microsoftfloundersWindows 7 is a staggering achievement. Microsoft delivered exactly the right product at the right time and will completely dominate desktop computing for the foreseeable future.

Microsoft shows no signs of being able to do anything similar in any of the other areas that will be important to consumers and small businesses in the next ten years.

At some point in the next few months, Microsoft will roll out revamped versions of its Windows Live family – Hotmail, Messenger, Skydrive, and the main Windows Live portal. Some screenshots have leaked but very little information has been revealed about the details. Here’s a collection of blog posts about the planned changes.

windowslive1There will be lots of integration between the various services. More social networking features will be introduced, trying to build your Windows Live portal into a place where you can gather together streams from Facebook and Twitter and use as the first place you go online every day.

It’s likely that Microsoft will try to build an ecosystem around integration of the online services with the Zune music player and the next generation of Windows Phones, just as Apple has done with the iPhone/iTouch/iPod/iTunes.

You don’t care, do you? Most people have never looked at the Windows Live portal. You’re not using Windows Live Messenger. You’re not carrying a Windows Mobile phone.

Nothing will change this year, although Microsoft will spend a fortune trying to force its way into the conversation. My gut tells me there is zero chance that Microsoft sites will become the center of anyone’s online world or that Microsoft mobile devices will get much respect. Microsoft has lost its way and shows none of the fire and innovation that would allow it to be considered as a leader in the emerging world for consumers and small businesses built around social networking, mobile devices, and cloud computing.

  • Microsoft has already put a great deal of effort into the social networking aspects of its Live properties, to no discernible effect compared to Gmail, Facebook, or any of the others.
  • The current version of Windows Mobile is, well, efficient for calendar/contacts/mail for Exchange users, and not even considered by anyone else, especially anyone looking for a touchscreen phone or an app. A new version of Windows Mobile will be introduced at a conference next week and I’m sure it will have attractive features, but in the end the mobile world belongs to Apple and Google Android. Microsoft will offer too little, too late.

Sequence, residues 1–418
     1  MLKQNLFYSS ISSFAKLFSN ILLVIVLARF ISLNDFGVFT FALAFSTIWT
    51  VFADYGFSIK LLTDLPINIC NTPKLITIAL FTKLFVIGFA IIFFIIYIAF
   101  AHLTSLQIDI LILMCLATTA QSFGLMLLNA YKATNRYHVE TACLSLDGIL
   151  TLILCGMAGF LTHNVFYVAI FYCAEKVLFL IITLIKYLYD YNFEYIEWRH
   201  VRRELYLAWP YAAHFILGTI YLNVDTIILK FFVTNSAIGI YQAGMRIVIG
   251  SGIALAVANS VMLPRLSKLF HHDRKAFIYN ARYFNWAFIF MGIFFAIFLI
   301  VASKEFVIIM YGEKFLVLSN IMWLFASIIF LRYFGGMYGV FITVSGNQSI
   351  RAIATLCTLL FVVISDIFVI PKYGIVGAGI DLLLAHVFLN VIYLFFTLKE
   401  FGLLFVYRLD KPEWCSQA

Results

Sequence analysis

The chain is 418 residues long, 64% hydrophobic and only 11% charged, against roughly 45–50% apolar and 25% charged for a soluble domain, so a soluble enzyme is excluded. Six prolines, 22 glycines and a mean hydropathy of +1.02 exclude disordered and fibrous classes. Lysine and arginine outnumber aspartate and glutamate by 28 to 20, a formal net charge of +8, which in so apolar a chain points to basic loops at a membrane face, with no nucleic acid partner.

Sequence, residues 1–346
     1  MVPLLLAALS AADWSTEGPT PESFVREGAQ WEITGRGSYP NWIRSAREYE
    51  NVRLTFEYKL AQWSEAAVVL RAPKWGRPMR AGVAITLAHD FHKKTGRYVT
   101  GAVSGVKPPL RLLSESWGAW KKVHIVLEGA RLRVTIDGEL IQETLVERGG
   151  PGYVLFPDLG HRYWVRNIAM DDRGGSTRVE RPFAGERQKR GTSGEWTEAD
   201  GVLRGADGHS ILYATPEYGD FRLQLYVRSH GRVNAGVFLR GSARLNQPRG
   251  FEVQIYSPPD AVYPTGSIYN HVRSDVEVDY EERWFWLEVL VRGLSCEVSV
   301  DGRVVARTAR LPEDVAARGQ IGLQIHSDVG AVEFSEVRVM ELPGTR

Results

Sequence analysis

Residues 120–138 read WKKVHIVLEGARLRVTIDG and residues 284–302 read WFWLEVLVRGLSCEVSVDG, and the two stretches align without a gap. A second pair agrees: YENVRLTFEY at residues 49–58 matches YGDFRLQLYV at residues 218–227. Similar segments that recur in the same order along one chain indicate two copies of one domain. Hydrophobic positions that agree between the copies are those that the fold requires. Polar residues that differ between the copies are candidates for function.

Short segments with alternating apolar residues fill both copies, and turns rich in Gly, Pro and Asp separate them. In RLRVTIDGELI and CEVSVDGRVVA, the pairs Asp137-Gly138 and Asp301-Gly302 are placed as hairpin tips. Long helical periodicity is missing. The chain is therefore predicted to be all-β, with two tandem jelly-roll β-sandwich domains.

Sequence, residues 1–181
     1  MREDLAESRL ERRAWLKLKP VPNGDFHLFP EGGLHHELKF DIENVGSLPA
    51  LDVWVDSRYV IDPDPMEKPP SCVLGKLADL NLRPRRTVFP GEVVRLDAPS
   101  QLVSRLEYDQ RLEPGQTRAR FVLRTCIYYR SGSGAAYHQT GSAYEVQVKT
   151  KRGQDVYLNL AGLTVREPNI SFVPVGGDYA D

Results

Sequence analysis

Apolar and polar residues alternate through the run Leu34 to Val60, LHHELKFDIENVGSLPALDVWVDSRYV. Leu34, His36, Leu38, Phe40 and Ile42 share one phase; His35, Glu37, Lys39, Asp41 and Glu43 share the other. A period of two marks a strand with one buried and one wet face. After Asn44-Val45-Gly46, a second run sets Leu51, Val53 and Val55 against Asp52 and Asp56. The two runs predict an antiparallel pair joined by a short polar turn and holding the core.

• The Zune is a lovely handheld music player that roughly twenty people have purchased, compared to the 14 bajillion that bought iPods last year.

And on and on. I’m talking primarily about perception here. The world is stuffed with people and I know full well there are hundreds of millions of Hotmail users out there. But Microsoft is not delivering the technology that will excite people and propel them enthusiastically into the world of mobile devices and cloud computing, and the products in the pipeline seem unlikely to change that. Paul Thurrott:

Long story short, I’m feeling a crisis of confidence here. I feel like we’re on a precipice. Microsoft is in no danger of failing; that’s ludicrous. And anyone who senses that this is somehow a plea for the Mac doesn’t get it; Apple already lost that fight. But it doesn’t matter, because the world is moving on. I’m thinking more of the future of computing, which is both mobile and connected, with post-PC devices like smart phones and cloud services connecting it all together. And though Microsoft is clearly making plays here, much of it reeks of too little, too late.

Microsoft has enterprise products in development that will ensure a profitable future for decades. It is building the foundation for large corporations to move their databases to the cloud instead of running and maintaining their own huge server farms. Microsoft is aggressively developing a cloud platform that may well change the world for huge companies.

For consumers and small businesses, though, there is a lot of reason to expect other companies to deliver the best, the most interesting, and the most useful technology. I’ll write about Windows Mobile 7 and Windows Live Wave 4, of course, but a lot of my attention is focused in other directions these days.

I’ll tell you tomorrow about my fear for the future of Live Mesh that causes some of this angst.

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